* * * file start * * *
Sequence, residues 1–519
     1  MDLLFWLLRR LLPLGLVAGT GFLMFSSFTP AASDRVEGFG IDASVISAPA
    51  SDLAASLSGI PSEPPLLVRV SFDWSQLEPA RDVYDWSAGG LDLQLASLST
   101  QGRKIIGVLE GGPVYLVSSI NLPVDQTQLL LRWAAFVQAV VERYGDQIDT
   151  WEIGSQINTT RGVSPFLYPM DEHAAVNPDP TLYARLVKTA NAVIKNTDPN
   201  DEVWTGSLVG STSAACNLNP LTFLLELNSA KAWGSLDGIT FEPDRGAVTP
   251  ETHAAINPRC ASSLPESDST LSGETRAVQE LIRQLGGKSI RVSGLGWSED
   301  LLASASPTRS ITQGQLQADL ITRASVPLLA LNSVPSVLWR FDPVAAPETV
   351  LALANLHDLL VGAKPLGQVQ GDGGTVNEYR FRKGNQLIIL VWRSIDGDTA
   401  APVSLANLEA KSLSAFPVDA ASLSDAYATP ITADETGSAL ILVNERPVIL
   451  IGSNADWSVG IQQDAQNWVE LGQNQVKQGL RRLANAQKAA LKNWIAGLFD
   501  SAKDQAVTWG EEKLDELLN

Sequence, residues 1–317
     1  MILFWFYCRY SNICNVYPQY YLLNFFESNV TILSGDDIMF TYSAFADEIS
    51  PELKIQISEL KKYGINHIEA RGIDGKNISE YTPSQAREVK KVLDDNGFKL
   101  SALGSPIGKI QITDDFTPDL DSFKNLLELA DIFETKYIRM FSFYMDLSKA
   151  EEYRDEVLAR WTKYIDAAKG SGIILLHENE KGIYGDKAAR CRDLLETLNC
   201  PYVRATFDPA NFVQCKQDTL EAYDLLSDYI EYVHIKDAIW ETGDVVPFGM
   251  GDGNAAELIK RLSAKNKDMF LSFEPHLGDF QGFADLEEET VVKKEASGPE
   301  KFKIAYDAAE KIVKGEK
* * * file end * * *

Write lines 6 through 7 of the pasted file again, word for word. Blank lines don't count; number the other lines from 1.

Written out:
   201  DEVWTGSLVG STSAACNLNP LTFLLELNSA KAWGSLDGIT FEPDRGAVTP
   251  ETHAAINPRC ASSLPESDST LSGETRAVQE LIRQLGGKSI RVSGLGWSED